On November 27, the Department of Labor announced an implementation extension for certain controversial provisions of its “Fiduciary Duty Rule’ that was effective in April 2017. The provisions covering exemptions for best-interest contracts and principal transactions will now go into effect July 1, 2019, along with some amendments to prohibited transaction exemptions.
This announcement follows a request from President Trump for further analysis of the rule’s impact on access to retirement information and financial advice. The DOL’s review process could ultimately change or eliminate the implementation of the remaining rule provisions.
The BICE and Commission Business
The Rule’s Best Interest Contract Exemption (BICE) requires financial advisors who wish to continue working on a commission basis to avoid all conflicts of interest and work exclusively in the client’s best interest. Certain industry participants believe that the complexity of administering the contract as required by the rule will eliminate commission business.
A complete shift to fee- only business could be disadvantageous to certain customers. In fact, many advisors could not afford to provide financial advice to many middle- and lower-market investors, creating a highly underserved market.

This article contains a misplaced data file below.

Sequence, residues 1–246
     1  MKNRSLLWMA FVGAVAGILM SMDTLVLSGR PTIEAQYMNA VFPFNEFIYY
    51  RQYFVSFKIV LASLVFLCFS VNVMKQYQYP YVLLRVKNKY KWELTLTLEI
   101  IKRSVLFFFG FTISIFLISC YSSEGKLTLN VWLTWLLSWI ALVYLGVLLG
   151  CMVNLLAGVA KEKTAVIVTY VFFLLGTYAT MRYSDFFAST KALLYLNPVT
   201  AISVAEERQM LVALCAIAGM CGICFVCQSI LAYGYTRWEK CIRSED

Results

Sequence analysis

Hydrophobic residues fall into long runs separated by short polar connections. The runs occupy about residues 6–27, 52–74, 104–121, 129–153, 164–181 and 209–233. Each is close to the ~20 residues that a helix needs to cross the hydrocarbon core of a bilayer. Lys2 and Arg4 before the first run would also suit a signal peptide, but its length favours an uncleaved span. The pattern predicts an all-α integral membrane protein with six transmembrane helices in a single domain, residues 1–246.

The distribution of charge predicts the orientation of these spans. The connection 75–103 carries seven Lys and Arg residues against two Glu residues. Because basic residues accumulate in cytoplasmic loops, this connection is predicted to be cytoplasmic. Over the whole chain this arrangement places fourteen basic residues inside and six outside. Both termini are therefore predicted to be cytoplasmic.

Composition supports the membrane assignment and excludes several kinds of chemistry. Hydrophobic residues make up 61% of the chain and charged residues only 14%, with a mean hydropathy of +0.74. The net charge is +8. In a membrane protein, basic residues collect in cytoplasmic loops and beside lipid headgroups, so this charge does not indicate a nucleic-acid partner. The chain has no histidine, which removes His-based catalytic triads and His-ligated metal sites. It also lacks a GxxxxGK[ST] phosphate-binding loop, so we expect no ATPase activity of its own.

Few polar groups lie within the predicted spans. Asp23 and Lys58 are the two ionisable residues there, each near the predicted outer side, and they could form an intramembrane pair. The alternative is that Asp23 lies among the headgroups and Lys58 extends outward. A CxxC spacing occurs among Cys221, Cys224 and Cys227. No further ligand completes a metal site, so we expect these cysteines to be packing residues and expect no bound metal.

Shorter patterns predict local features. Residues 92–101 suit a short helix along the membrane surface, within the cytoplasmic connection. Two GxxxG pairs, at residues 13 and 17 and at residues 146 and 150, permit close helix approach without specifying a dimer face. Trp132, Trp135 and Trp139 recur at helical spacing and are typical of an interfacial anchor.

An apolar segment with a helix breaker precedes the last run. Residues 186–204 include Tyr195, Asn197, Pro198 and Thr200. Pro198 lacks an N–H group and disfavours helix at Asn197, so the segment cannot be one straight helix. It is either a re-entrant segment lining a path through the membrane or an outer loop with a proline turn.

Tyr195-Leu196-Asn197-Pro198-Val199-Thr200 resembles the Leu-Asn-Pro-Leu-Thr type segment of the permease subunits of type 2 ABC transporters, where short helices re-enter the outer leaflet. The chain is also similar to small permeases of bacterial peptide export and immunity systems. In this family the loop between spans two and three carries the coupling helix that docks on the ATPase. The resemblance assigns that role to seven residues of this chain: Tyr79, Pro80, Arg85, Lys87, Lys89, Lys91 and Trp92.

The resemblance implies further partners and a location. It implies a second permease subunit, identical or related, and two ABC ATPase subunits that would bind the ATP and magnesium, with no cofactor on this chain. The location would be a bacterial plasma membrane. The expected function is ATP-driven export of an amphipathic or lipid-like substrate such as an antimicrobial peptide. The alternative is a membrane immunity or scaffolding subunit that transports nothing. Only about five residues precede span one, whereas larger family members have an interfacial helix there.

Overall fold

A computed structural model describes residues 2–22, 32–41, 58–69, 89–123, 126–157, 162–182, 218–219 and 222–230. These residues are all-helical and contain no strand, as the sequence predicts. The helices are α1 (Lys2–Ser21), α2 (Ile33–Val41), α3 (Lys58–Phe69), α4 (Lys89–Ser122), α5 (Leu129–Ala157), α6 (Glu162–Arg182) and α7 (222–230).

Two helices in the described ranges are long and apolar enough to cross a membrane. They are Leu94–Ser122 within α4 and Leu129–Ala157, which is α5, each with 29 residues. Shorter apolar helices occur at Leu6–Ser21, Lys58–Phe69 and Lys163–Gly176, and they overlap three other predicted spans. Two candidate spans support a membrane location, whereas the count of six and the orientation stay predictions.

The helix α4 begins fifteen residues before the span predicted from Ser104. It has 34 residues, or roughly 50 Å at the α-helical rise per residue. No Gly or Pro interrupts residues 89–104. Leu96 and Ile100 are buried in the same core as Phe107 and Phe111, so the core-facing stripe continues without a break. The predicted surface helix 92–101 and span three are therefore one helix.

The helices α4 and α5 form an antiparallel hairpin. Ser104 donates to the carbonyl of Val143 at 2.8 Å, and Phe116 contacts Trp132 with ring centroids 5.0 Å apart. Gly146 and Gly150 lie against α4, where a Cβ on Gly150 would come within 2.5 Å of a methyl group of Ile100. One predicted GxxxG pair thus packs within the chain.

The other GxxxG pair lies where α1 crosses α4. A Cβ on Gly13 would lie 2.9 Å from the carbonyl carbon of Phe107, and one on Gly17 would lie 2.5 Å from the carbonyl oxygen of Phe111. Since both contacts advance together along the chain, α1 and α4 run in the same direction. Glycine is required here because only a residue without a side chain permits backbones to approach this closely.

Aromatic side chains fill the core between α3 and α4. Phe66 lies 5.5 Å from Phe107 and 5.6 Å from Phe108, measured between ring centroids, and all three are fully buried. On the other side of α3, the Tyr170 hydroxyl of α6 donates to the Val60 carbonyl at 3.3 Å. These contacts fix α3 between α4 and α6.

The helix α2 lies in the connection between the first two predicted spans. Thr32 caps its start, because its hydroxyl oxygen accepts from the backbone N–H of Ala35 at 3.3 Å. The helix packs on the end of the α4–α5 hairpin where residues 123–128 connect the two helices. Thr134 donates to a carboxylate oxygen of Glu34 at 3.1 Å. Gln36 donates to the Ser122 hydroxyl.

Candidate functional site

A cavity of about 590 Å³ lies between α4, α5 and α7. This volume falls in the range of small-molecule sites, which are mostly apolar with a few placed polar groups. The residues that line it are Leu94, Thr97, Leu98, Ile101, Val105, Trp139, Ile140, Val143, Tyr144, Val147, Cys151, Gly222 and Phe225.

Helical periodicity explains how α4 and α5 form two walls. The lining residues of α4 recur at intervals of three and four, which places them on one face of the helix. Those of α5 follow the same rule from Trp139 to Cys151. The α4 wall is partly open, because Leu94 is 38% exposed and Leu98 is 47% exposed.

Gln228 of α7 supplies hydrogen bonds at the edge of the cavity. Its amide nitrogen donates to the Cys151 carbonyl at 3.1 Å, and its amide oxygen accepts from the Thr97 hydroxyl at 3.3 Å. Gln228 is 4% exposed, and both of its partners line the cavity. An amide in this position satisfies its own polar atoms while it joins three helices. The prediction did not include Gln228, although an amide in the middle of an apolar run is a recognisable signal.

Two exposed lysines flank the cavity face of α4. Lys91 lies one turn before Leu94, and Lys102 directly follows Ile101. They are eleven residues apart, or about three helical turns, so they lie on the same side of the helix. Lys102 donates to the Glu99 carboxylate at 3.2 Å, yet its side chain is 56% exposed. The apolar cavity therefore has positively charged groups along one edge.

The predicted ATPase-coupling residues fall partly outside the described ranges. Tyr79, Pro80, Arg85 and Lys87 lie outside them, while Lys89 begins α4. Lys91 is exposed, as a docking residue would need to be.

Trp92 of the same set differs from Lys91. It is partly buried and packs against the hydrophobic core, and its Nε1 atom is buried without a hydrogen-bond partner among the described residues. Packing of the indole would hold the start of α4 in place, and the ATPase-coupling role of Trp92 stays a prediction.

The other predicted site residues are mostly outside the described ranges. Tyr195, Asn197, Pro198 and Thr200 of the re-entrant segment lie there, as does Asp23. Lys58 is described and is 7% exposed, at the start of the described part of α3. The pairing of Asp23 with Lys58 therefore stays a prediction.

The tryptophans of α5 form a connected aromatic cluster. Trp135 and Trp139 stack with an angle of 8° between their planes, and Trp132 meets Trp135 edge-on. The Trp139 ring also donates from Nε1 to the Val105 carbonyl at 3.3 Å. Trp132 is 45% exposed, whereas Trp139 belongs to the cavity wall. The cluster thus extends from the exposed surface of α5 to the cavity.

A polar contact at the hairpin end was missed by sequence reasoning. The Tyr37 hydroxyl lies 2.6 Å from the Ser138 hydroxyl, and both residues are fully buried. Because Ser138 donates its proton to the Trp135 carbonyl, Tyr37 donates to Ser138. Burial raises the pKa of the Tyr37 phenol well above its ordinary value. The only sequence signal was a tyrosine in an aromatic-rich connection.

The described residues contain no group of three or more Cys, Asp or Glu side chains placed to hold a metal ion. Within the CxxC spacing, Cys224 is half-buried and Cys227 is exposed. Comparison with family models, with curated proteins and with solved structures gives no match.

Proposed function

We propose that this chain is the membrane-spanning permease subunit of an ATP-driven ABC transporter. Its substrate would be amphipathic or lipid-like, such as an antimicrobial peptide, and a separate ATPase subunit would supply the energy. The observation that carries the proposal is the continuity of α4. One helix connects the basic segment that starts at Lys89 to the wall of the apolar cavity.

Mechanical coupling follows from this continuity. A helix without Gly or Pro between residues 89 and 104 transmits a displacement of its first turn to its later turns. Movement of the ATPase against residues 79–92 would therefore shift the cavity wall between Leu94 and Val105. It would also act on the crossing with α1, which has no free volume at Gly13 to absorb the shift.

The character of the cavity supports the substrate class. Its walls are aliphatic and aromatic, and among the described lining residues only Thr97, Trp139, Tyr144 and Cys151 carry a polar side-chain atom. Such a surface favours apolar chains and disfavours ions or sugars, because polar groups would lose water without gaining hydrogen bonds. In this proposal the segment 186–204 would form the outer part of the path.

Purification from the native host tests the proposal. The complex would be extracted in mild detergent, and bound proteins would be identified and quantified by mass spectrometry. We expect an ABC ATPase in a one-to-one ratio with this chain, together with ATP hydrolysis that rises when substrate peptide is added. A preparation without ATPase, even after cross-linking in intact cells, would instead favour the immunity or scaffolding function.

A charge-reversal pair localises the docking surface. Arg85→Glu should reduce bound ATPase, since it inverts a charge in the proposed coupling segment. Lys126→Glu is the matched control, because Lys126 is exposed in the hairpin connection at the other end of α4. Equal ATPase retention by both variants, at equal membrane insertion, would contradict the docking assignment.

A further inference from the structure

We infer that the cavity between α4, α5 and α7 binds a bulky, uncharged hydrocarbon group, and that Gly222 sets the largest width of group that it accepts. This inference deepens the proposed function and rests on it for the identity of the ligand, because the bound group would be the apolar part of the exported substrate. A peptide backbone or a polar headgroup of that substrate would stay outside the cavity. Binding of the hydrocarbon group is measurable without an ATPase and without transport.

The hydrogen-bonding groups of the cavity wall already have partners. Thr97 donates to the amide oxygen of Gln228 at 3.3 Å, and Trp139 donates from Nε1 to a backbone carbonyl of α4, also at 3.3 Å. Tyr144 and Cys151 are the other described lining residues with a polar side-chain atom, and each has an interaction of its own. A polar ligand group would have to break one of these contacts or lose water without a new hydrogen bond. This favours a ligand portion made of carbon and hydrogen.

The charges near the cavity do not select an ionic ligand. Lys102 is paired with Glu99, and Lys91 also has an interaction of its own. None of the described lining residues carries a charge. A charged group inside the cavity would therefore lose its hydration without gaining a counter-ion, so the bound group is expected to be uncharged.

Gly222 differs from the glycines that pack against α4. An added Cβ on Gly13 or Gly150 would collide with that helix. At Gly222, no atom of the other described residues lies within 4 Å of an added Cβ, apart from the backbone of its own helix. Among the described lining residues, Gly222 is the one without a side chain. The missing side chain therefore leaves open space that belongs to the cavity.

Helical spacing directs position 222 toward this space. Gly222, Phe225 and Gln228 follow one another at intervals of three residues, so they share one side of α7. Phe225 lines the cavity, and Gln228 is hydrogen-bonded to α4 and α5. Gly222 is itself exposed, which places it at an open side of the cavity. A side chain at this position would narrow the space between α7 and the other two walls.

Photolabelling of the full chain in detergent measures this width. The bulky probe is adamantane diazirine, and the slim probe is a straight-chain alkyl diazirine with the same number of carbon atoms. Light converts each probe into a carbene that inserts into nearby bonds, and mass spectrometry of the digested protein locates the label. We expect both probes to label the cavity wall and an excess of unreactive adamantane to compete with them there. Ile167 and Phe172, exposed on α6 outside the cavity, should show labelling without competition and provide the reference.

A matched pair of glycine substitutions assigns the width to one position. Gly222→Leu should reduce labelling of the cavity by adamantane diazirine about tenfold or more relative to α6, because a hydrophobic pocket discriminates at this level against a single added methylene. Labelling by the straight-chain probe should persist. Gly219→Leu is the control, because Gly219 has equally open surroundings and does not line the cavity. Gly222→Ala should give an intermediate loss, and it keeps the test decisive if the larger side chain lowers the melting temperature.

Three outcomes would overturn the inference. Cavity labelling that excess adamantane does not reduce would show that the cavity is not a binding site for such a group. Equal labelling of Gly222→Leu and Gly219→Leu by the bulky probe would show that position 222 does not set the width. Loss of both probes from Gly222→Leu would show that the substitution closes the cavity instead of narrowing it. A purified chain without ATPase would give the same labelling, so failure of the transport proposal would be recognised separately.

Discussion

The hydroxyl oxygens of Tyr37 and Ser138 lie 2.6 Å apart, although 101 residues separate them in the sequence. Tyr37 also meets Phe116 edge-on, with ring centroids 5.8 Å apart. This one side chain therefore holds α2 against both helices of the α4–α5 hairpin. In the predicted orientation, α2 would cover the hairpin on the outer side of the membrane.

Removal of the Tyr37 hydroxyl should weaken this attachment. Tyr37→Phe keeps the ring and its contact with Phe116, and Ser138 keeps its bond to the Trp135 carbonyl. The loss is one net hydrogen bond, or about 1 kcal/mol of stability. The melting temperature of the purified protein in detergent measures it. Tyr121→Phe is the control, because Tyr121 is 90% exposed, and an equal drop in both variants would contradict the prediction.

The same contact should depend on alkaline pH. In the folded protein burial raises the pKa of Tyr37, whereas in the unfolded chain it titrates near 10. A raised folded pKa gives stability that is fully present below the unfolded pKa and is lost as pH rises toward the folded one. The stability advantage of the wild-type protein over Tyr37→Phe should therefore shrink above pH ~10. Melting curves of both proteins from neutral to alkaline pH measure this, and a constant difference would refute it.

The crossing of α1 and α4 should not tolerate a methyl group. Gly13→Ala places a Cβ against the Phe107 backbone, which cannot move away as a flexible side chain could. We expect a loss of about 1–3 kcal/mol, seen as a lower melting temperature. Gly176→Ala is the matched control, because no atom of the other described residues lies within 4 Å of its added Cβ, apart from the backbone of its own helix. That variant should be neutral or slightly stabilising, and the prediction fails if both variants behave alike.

Current Status of the Fiduciary Rule
The provisions of the Rule that were implemented in April 2017 require financial representatives to apply a fiduciary standard instead of the FINRA suitability standard when recommending products and strategies for IRAs and retirement plan rollovers. The more stringent fiduciary standard requires financial advisors to act impartially in the best interest of their clients.
By contrast, the suitability standard meant that if an investment recommendation met a client’s defined need and objective, it was deemed appropriate. Now, financial professionals are legally obligated to put their client’s best interests first instead of making only “suitable” investment recommendations. This means that financial advisors cannot conceal any potential conflicts of interest and must clearly disclose all fees and commissions in dollar form to clients.
The portion of the DOL’s rule that is now in effect requires representatives providing advice in retirement accounts to follow the three conduct standards below to comply with the rule’s fiduciary standard:
- Compensation for services must be reasonable;
- Advice must be in the best interest of retirement savers;
- No materially misleading statements can be made.
Examples of conduct that violates the fiduciary standard include:
- Choosing products that pay higher compensation, even though they may be suitable for the client; and
- Recommending only proprietary products when other products may be more appropriate.
FINRA licensing exams could include questions on the currently implemented portions of the DOL reforms regarding retirement plan advice.
Check back for regular updates from Knopman Marks and stay up-to-date with the latest rule changes.